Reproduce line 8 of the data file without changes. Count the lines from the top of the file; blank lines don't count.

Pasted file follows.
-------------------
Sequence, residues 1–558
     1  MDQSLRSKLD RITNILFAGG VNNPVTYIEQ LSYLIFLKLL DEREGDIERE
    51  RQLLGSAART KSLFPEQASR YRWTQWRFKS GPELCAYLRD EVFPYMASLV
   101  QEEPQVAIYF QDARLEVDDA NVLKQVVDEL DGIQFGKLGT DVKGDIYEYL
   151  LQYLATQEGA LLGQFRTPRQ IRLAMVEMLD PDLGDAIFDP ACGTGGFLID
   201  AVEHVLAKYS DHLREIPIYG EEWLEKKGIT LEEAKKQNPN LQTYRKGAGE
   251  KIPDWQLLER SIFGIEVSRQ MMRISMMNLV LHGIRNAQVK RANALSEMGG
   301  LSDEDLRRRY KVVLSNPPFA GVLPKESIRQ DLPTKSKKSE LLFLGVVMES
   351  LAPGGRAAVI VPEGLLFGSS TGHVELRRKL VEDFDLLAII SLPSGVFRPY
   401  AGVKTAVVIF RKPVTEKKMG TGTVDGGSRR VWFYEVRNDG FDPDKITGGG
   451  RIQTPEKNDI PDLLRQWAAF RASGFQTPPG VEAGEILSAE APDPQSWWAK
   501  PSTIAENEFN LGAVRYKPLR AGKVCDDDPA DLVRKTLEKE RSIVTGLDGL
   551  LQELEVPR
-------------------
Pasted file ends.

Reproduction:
   301  LSDEDLRRRY KVVLSNPPFA GVLPKESIRQ DLPTKSKKSE LLFLGVVMES